- Niger in the same FIFA World Cup™ qualifying group as Algeria
- Cavalli previously coached Algeria and some of the country’s leading clubs
- The French coach discusses new mission and prospect of facing The Greens
In March this year, Jean-Michel Cavalli was en route to Paris’s Charles de Gaulle airport to fly to the Niger capital Niamey to sign a contract to coach the country’s national team. As fate would have it, the airport closed immediately due to coronavirus fears, and Cavalli was unable to travel. Football officials in Niger, however, were determined to secure his services, and so both parties agreed to wait a few more months before making the appointment official.
For the Frenchman, that vote of confidence was a positive sign. Niger’s insistence on sticking with him despite the delay, and his own desire to take up the role, boded well for a successful collaboration.
In an exclusive interview with FIFA.com, Cavalli discussed his new mission and the challenges ahead.
“I chose this country because I felt comfortable with the officials I dealt with,” he explained. “For my part, I always gave them priority despite the many offers I got. This mutual respect was a good starting point for me to coach the team.”
As with every other coach in Africa, the first objective when a contract is signed is to reach the CAF Africa Cup of Nations (AFCON).
“Unfortunately, our team lost two crucial AFCON qualifying matches, which has harmed our chances of making the finals. But that doesn’t mean we won’t work hard to make amends. For me, it’s a bit like taking over at the halfway point. If this were still the beginning [of qualifying], the story would probably be different. I believe our chances of reaching the finals depend on the two upcoming matches against Ethiopia. But in addition to reaching the Africa Cup finals, our aim is to build a solid team to compete strongly in the World Cup qualifiers.”
The French coach was surprised with the high standard of football in Niger, where he is working for the first time. “In the months I spent at home before coming here, I had a chance to study the players and line-ups. I was astonished by the abilities I witnessed here, with some players easily capable of playing in Europe.”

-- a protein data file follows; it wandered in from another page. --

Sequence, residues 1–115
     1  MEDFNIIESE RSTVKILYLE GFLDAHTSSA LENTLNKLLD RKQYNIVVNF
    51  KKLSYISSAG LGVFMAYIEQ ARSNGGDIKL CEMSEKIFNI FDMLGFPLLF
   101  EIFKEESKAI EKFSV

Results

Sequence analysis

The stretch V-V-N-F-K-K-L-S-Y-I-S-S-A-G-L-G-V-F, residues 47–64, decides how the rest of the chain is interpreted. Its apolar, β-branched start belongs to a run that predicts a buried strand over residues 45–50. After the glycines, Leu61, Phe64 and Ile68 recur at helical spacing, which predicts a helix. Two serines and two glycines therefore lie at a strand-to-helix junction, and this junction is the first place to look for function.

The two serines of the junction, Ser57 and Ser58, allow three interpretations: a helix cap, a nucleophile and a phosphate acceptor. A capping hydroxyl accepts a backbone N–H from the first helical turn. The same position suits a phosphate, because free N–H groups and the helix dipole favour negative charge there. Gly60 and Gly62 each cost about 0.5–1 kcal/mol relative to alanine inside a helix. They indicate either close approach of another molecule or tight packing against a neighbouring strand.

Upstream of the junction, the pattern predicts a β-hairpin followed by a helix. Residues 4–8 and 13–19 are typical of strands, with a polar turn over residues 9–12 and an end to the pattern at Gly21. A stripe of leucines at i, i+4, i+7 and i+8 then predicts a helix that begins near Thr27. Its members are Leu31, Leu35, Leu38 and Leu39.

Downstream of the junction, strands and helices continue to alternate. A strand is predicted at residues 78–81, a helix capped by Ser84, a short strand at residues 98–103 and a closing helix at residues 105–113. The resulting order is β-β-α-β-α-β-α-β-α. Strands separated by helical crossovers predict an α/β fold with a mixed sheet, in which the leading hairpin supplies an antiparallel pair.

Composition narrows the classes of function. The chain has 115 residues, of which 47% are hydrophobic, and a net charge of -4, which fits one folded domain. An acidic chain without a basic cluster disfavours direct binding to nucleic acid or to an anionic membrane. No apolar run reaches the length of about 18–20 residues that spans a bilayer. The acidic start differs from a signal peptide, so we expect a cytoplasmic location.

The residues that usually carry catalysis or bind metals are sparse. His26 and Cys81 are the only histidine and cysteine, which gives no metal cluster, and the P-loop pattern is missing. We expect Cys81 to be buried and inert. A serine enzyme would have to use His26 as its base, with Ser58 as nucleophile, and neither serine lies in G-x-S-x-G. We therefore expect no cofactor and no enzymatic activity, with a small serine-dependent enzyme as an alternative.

Cavalli got off to a good start in the new job, winning his first two friendlies in October. “Although we had two players injured, my team was competitive and at the required level. In the space of three days, we won two friendly matches against Chad and Sierra Leone. Although these aren’t big names in Africa, I can say from experience that there are no small teams. You can see this in what happened to me when I coached Algeria – where the team were when I arrived and how far they went.”
The draw for FIFA World Cup Qatar 2022™ qualifying pitted Niger in a difficult group with reigning continental champions Algeria, Burkina Faso and Djibouti. Asked what he thought of this quartet, Cavalli replied: “We’re in a group containing three teams at about the same level. The fourth are the African champions. Our match against Algeria will be like a final, and they’ll undoubtedly be firm favourites. However, we have to give ourselves chances in these qualifiers. Even if it’s a one-in-a-thousand shot, we’ll go all out for it.
“My teams always present difficulties for opponents. Everyone remembers when I coached Algeria and we played great football in our friendlies against Brazil and Argentina in 2007,” he added.
Cavalli was in charge of Algeria for about two years, which will make the World Cup qualifying clash between the sides very special for him. “I don’t place that much importance on the fact that I coached Algeria and know their football very well. I’ll aim to do the impossible with my team because I love to compete. At any rate, we have nothing to lose in this group. Algerian football has developed a great deal in recent times, particularly at senior-team level and in terms of sporting infrastructure, and their players are at some of the world’s biggest clubs.”
Because his tenure in charge of Algeria only lasted from 2006 to 2007, Cavalli feels he missed a chance to take a side to the World Cup. Understandably, it’s something he would love to do with Niger now.
“Reaching the World Cup finals is the dream of every coach. If we manage to do this with Niger, it would be an historic achievement. I personally lost out on the chance to participate in the 2010 World Cup. I worked with Algeria for 22 months but left before the qualifiers kicked off. But my work there during that time still paid off.
“Before I left Algeria, I remember telling Hamid Haddadj, the president of the country’s football federation at the time, that the team were well prepared for the World Cup qualifiers, and that I’d be their number one supporter. I was almost certain that they’d qualify given the good work we’d done in the previous months. The proof was that we ended the first half of our friendly against Argentina leading 2-0 and the first half of the Brazil one drawing 0-0. These South American sides were ranked one and two respectively by FIFA at the time. So, I certainly dream of leading a team to the World Cup before I call time on my coaching career.”
But who are the favourites to represent Africa at Qatar 2022 in his opinion? “Algeria and Senegal are in the best shape to qualify, as well as Morocco, but I believe we’re in for a surprise or two in the upcoming qualifiers.”